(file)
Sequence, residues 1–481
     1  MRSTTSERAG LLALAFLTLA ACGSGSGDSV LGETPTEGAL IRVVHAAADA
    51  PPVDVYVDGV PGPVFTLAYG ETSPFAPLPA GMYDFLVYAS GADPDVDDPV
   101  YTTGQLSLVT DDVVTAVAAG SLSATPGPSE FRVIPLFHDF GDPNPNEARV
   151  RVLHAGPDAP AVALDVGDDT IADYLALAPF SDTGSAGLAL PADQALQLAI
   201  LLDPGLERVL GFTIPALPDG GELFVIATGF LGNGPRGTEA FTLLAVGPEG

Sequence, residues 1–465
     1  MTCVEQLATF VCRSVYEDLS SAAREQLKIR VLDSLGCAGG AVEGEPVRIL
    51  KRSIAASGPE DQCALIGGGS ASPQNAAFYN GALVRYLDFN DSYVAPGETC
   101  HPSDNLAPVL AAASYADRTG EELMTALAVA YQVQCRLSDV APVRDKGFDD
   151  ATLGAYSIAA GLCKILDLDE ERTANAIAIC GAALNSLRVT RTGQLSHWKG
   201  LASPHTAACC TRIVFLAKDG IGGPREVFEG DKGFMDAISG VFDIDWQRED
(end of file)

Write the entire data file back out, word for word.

Sequence, residues 1–481
     1  MRSTTSERAG LLALAFLTLA ACGSGSGDSV LGETPTEGAL IRVVHAAADA
    51  PPVDVYVDGV PGPVFTLAYG ETSPFAPLPA GMYDFLVYAS GADPDVDDPV
   101  YTTGQLSLVT DDVVTAVAAG SLSATPGPSE FRVIPLFHDF GDPNPNEARV
   151  RVLHAGPDAP AVALDVGDDT IADYLALAPF SDTGSAGLAL PADQALQLAI
   201  LLDPGLERVL GFTIPALPDG GELFVIATGF LGNGPRGTEA FTLLAVGPEG

Sequence, residues 1–465
     1  MTCVEQLATF VCRSVYEDLS SAAREQLKIR VLDSLGCAGG AVEGEPVRIL
    51  KRSIAASGPE DQCALIGGGS ASPQNAAFYN GALVRYLDFN DSYVAPGETC
   101  HPSDNLAPVL AAASYADRTG EELMTALAVA YQVQCRLSDV APVRDKGFDD
   151  ATLGAYSIAA GLCKILDLDE ERTANAIAIC GAALNSLRVT RTGQLSHWKG
   201  LASPHTAACC TRIVFLAKDG IGGPREVFEG DKGFMDAISG VFDIDWQRED